These are the most important conclusions from a new report of the Peak Oil Netherlands Foundation (PONL). The report is supported by the well- established Dutch energy research institute ECN. PONL and ECN are thus a lot more pessimistic than the International Energy Agency (IEA), the energy thinktank of the OECD, that published her expectations last week.

PONL has been founded in may this year by a group of ‘concerned citizens’ who are worried about the energy supply. The report ‘World Oil Production & Peaking Outlook’ has been written by the 20 year old Rembrandt Koppelaar, who studies Nutrition & Health at Wageningen University.

Although Koppelaar is not an expert by profession, his findings are supported by professor Jos Bruggink, who has been leading the unit Policy studies at ECN for years and has been installed as professor at the Free University of Amsterdam in august.

‘The conclusions of PONL are very much in line with my perception of the oil peak problem’, says Bruggink. ‘A peak in production between 2010 and 2020 is very well possible’. Just like PONL, I am convinced that the oil optimists of the IEA have a bias towards a single sided and reassuring point of view. This leads to an inactive attitude at the governmental level and private sector, and brings great risks with it.’

The Paris based IEA, that is considered by western governments as the most authoritive source of information on the oil market, is receiving criticism from a group of scientists, engineers and investors. This so called ‘peak oil movement’, founded by Collin Campbell, a pensioned geologist that worked for oil companies like Texaco and BP, beliefs that the global oil production will reach its highest point in the near future.

The IEA does not want to consider this. But, according to Bruggink, the ‘doomsayers’ might very well be right.

With PONL, the Netherlands now has its own branch of the international peak oil movement. According to Rembrandt Koppelaar of PONL, the ‘misplaced optimism’ of the IEA is mostly based on three assumptions. The first assumption consists of optimistic expectations with respect to the number of new fields that can still be discovered. ‘On this point the IEA bases itself on a report from 2000 of the United States Geological Survey. The USGS in its turn tries to support their prediction by trends from the past. But these have not been correlating with reality for quite some time now. Since as early as 1964 the number of new discoveries is gradually decreasing. Since 1986 more oil has been consumed than is discovered, currently even twice as much.’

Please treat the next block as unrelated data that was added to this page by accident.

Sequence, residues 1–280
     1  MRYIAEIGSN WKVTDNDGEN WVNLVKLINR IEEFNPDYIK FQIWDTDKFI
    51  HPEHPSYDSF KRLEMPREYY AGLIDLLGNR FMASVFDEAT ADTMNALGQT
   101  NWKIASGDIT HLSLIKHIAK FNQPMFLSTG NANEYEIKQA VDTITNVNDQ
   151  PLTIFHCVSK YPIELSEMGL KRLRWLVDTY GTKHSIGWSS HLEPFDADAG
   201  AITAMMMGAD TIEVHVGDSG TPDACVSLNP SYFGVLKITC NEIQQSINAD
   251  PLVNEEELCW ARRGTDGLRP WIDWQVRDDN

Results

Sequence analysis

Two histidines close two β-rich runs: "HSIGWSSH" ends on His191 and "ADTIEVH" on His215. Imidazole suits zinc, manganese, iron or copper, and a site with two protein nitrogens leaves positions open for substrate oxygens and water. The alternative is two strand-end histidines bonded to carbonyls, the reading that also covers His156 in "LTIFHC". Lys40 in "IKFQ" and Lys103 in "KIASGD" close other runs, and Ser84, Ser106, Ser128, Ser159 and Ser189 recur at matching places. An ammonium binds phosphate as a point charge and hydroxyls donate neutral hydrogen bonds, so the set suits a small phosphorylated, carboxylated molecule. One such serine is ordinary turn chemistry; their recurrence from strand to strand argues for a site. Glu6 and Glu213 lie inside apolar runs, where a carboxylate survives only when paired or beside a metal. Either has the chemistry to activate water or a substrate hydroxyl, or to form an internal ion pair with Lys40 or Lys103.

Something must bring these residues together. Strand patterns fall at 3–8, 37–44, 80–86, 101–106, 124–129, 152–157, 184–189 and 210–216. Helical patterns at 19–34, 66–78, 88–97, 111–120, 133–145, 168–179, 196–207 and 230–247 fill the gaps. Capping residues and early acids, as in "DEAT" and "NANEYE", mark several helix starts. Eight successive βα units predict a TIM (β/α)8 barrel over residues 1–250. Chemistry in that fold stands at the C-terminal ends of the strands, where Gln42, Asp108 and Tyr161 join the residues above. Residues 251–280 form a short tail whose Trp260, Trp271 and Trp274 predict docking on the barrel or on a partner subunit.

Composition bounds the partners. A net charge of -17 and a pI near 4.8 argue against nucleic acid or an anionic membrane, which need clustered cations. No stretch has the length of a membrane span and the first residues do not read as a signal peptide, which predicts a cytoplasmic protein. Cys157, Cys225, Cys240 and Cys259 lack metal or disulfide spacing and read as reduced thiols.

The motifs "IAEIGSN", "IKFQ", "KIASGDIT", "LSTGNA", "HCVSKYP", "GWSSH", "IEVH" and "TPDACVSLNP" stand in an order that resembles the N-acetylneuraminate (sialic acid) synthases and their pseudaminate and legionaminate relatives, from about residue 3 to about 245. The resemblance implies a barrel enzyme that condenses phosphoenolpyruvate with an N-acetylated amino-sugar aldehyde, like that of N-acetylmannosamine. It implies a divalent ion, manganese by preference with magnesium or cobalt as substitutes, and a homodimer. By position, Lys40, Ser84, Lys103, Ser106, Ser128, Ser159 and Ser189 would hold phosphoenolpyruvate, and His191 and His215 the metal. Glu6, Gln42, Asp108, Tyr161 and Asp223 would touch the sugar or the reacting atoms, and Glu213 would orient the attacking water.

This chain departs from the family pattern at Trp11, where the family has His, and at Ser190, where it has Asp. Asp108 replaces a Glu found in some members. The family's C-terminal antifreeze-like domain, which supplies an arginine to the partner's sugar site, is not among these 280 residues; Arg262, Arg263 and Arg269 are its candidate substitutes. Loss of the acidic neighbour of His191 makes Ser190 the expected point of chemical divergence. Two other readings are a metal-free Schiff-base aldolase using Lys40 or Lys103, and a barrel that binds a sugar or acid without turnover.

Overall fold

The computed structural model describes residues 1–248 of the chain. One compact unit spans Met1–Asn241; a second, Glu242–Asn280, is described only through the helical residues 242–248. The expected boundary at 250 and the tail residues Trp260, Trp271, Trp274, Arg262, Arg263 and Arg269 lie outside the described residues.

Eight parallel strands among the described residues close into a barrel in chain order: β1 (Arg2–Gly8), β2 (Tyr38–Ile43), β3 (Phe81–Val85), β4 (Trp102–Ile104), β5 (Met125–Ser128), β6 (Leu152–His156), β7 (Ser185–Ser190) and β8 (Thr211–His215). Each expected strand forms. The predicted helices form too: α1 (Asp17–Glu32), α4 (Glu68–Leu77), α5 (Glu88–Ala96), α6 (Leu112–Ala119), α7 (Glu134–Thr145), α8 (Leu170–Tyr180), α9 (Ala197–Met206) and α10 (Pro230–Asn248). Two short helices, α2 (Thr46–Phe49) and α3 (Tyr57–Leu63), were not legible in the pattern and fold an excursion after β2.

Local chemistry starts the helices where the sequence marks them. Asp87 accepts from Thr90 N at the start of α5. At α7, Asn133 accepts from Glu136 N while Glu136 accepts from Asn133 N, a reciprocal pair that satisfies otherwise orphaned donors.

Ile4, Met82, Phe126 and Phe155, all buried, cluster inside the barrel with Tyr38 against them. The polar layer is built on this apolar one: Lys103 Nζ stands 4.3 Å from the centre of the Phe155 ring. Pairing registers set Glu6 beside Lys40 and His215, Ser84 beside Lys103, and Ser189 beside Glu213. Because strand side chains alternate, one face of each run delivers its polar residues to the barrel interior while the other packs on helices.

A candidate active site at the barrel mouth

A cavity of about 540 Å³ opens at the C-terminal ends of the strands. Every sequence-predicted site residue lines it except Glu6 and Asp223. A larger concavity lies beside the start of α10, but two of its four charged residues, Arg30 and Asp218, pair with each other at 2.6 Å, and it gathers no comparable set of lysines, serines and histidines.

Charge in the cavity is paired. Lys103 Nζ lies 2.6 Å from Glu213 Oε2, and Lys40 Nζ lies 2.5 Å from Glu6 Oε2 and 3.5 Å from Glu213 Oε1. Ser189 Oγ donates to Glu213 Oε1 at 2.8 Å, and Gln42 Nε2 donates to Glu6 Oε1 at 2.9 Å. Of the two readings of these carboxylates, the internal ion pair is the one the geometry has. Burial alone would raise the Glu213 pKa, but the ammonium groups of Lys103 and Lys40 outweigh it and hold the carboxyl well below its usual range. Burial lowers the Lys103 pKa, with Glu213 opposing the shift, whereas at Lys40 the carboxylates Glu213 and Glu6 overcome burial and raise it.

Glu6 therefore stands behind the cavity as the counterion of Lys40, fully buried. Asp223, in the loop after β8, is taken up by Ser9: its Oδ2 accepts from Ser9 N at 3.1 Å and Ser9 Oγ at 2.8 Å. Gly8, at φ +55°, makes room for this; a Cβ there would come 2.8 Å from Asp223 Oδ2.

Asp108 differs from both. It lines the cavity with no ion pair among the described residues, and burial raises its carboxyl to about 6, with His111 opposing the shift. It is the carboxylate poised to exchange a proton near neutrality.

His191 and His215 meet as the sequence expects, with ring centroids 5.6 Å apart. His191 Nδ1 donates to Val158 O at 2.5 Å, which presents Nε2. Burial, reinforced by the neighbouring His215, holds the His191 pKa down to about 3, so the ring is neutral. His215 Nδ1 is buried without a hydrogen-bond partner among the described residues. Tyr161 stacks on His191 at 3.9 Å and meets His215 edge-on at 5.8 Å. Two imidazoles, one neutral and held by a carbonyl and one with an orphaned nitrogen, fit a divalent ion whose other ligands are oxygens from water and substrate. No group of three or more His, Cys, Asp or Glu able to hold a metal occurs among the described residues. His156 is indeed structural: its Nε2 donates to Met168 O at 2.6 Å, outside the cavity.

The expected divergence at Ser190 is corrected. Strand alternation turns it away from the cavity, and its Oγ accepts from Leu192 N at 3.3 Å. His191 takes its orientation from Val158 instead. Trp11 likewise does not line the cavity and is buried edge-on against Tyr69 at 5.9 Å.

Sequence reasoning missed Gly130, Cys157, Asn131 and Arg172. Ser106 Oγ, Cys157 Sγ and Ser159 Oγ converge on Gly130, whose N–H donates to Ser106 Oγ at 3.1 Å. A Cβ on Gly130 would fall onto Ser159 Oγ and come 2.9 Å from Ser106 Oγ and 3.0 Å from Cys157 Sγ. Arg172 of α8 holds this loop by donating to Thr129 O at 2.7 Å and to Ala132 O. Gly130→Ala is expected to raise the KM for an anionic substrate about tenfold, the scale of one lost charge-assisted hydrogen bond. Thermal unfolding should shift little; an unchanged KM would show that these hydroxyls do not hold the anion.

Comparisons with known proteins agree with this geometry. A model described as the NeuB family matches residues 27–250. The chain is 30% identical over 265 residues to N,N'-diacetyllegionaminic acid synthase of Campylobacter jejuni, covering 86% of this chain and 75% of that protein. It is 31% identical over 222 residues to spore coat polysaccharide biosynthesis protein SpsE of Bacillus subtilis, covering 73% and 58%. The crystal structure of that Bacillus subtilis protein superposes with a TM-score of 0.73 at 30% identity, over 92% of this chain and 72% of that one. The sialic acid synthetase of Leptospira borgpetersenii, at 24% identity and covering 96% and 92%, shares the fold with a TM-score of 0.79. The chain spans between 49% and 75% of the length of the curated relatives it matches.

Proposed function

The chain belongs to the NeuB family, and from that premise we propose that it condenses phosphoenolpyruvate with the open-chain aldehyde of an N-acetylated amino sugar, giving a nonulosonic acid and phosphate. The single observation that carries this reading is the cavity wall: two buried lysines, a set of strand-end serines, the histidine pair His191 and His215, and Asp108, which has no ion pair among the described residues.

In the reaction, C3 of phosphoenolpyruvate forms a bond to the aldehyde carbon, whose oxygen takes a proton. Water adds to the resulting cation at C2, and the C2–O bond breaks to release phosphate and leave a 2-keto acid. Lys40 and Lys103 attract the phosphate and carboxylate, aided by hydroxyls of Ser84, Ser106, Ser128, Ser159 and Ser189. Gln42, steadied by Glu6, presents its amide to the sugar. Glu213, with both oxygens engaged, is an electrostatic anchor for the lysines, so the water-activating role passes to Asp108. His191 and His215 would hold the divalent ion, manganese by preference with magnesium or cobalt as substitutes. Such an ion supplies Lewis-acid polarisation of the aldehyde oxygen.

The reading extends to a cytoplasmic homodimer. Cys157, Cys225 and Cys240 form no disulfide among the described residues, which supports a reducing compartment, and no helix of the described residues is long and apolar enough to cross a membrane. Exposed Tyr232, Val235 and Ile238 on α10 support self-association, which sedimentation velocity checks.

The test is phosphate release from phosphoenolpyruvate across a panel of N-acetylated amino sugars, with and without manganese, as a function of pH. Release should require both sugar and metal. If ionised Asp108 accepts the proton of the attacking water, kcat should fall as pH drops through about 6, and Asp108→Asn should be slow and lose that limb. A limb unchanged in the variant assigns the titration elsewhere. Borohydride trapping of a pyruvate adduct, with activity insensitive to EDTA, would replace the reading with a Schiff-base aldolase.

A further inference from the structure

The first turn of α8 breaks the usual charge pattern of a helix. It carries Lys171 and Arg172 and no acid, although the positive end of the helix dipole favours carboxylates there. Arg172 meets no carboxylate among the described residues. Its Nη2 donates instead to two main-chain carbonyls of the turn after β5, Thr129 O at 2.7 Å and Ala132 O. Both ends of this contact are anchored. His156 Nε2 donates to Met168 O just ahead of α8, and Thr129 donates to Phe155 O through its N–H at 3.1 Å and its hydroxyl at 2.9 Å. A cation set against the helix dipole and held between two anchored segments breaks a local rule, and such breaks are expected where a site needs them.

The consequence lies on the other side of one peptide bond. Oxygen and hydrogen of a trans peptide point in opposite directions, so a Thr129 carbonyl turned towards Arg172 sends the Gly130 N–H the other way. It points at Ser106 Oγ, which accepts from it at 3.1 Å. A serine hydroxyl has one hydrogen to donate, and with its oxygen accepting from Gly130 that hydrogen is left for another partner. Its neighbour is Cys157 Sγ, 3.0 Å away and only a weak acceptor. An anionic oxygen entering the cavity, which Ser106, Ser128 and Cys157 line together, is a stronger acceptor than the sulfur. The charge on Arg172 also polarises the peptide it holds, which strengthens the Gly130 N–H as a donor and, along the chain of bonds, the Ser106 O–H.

The second assumption of the IEA is that the production from existing fields can continue to increase. Currently, technical limitations prevent the extraction of more than roughly 35% of an oil field. When this so called ‘recovery factor’ can be increased to 40%, this would mean a sudden and significant increase of existing reserves. ‘It is true that the recovery factor has increased from 22% to 35% between 1980 and 2004,’ says Koppelaar. ‘But it remains to be seen whether this trend can be continued. In some fields it succeeds, in others it doesn’t.’

The third assumption of the IEA consists of high expectations with respect to so called ‘non conventional oil’, like the tar sands in Canada and Venezuela. The amount of oil that is present in the Canadian tar sands alone can be compared with the oil reserves of Saudi Arabia, according to the IEA.

Koppelaar does not dispute this, but according to him, the annual production that is possible from these fields is limited by geological and logistical reasons. ‘The exploiters themselves expect that, until 2030, the production from Canadian tarsands will be no more than 5 million barrels per day. This means the contribution to the world’s oil production will be limited.’

Based on his data, Koppelaar draws the conclusion that world oil production will reach its peak between 2012 and 2017. ‘Only a clear discontinuity from previous trends in production could shift the peak further into the future.’

The researcher finds it more likely that the opposite would happen: a peak before 2012. ‘In 2003, some 90% of all discovered oilfields were in production. Within soon, this number will be practically 100%. The number of newly discovered fields is gradually decreasing. There are now already 30 oil producing countries, like the United States, that are past their peak, and more are joining.’

Koppelaar thinks the government should take action to facilitate the transition towards an economy that relies less on oil. ‘Research for the American Department of Energy indicates that some twenty years are needed for a smooth transition.’

The government and the Central Planning Bureau (CPB) are not yet convinced of the seriousness of the oil depletion threat. ‘The CPB are assuming that oil prices will come down to unrealistically low levels. I really hope that they will finally take a good look at this problem and stop with simply following the IEA blindly’, according to the researcher.